In terms of financial investment, selecting a college is one of the more significant decisions a typical family will make. But many families are not equipped to make the decision well. This post offers a simple and concise step-by-step guide to help you navigate the college decision process confidently.
Do your research
Overwhelmed families often skimp on or rush through the information gathering phase. Don’t make this mistake. Take your time. Become well informed.
- What do I need to know?
- What are my requirements?
- Are there constraints?
- What are the options?
- How can I compare those options fairly?
A typical 17-year-old high school junior is ill-prepared to select a college. She does not have, a priori, the answers to the questions above. Research and exploration are necessary.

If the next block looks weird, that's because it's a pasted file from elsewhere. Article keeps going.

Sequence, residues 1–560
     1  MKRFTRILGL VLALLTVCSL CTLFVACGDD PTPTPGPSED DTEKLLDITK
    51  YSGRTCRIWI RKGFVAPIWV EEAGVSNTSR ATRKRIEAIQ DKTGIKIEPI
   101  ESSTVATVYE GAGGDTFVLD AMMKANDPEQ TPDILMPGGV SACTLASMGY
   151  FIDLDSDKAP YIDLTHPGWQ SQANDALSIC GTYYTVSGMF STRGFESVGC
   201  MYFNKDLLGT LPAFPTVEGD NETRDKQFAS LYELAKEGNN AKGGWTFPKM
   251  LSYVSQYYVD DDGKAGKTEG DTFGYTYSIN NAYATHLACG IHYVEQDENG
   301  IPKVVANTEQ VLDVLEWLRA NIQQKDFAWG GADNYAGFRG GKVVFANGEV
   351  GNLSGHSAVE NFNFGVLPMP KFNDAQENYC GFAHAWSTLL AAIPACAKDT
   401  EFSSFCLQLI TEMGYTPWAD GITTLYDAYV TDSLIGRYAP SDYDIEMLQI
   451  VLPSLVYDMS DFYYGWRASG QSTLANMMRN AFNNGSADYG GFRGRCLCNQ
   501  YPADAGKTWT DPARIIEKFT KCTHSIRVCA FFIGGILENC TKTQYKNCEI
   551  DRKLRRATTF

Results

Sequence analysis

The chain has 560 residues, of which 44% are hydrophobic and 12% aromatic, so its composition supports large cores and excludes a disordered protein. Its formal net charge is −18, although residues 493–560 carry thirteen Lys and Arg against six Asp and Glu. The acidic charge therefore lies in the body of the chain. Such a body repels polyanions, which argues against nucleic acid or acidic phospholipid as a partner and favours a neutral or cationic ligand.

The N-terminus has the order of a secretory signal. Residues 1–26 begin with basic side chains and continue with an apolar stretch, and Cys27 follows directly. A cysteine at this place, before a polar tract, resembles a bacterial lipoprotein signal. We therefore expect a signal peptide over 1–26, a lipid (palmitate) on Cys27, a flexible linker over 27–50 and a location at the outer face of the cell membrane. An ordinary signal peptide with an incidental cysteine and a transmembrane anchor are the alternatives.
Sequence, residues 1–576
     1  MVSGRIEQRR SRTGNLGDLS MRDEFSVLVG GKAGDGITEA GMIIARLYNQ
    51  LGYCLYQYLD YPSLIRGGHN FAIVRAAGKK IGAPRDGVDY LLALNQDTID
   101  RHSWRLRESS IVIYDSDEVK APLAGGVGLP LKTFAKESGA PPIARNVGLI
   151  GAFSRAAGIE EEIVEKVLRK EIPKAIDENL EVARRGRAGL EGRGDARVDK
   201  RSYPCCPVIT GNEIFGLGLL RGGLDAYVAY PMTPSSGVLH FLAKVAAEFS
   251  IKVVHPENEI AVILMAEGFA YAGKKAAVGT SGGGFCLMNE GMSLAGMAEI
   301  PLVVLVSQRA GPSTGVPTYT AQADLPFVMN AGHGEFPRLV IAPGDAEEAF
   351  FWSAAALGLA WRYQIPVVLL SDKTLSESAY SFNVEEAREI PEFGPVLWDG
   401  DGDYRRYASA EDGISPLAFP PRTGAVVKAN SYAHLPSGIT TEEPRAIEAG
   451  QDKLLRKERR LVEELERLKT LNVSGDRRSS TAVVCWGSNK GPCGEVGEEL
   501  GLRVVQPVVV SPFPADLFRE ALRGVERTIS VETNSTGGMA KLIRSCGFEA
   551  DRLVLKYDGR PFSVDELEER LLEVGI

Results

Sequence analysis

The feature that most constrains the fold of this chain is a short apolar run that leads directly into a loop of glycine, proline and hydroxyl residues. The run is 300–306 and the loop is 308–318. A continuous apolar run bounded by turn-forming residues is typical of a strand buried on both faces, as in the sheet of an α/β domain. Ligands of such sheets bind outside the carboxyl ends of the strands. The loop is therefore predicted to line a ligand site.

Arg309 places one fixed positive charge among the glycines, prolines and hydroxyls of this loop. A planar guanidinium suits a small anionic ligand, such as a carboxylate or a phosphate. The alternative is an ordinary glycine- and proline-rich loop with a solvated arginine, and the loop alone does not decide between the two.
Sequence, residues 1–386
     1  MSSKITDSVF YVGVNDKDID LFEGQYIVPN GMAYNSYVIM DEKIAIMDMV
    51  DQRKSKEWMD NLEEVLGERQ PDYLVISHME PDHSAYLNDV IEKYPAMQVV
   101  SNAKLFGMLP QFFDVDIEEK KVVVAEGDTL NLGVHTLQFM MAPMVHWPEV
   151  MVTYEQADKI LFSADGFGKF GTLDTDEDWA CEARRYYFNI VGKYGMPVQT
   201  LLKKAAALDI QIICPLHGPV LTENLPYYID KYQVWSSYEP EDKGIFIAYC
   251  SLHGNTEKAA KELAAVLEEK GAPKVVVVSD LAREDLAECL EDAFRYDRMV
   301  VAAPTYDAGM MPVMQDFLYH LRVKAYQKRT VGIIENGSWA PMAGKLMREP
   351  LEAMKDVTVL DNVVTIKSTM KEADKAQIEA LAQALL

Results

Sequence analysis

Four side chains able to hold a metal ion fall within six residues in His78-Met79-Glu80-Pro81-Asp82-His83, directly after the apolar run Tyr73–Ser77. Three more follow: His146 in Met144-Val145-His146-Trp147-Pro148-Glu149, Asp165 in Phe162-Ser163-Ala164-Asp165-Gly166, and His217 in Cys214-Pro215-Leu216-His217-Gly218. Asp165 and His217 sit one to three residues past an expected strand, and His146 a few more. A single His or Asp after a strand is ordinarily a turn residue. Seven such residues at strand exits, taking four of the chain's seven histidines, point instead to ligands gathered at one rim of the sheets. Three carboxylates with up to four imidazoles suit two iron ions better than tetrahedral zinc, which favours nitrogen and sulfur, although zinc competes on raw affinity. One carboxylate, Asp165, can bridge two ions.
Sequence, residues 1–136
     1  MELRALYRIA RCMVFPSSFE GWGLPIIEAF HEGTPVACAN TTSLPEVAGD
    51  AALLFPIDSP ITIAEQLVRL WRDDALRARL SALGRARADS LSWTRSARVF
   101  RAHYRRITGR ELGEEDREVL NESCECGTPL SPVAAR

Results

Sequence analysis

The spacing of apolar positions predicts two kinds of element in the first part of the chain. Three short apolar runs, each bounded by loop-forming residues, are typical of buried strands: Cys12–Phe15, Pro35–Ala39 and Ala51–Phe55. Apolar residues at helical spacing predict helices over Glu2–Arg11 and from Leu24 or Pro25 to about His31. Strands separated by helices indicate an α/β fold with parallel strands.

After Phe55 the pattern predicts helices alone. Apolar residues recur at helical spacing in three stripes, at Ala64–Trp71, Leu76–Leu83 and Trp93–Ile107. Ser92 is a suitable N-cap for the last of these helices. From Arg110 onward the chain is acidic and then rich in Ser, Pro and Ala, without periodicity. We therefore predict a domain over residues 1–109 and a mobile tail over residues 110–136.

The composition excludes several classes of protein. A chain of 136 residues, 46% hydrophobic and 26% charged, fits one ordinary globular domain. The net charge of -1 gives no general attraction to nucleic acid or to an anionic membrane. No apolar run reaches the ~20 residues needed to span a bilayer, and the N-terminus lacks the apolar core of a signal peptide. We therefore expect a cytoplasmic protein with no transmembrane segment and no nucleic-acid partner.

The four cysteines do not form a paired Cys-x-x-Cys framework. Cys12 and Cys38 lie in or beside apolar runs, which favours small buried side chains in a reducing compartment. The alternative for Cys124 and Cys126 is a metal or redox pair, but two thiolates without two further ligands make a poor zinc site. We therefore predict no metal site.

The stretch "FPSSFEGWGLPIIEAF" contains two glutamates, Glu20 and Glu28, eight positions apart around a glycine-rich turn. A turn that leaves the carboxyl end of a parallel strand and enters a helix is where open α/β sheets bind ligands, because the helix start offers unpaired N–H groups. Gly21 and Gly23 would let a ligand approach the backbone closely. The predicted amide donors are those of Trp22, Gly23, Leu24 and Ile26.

Available college guides provide a wealth of information based on common criteria. What is a college’s retention rate? How social is it? What is its on-time graduation rate? What are its four-year costs? What percent of its students graduate with debt? How large is the average debt? What percentage of students pledge fraternities and sororities? The answers to these questions begin to build the necessary knowledge base for the young decision-maker and her family.
That knowledge becomes enriched with actual college visitation where the conceptual becomes concrete. Experiencing different campuses helps to further define the options, articulate the requirements, clarify the decision criteria and begin to highlight the inevitable trade-offs.
Generate & weight your criteria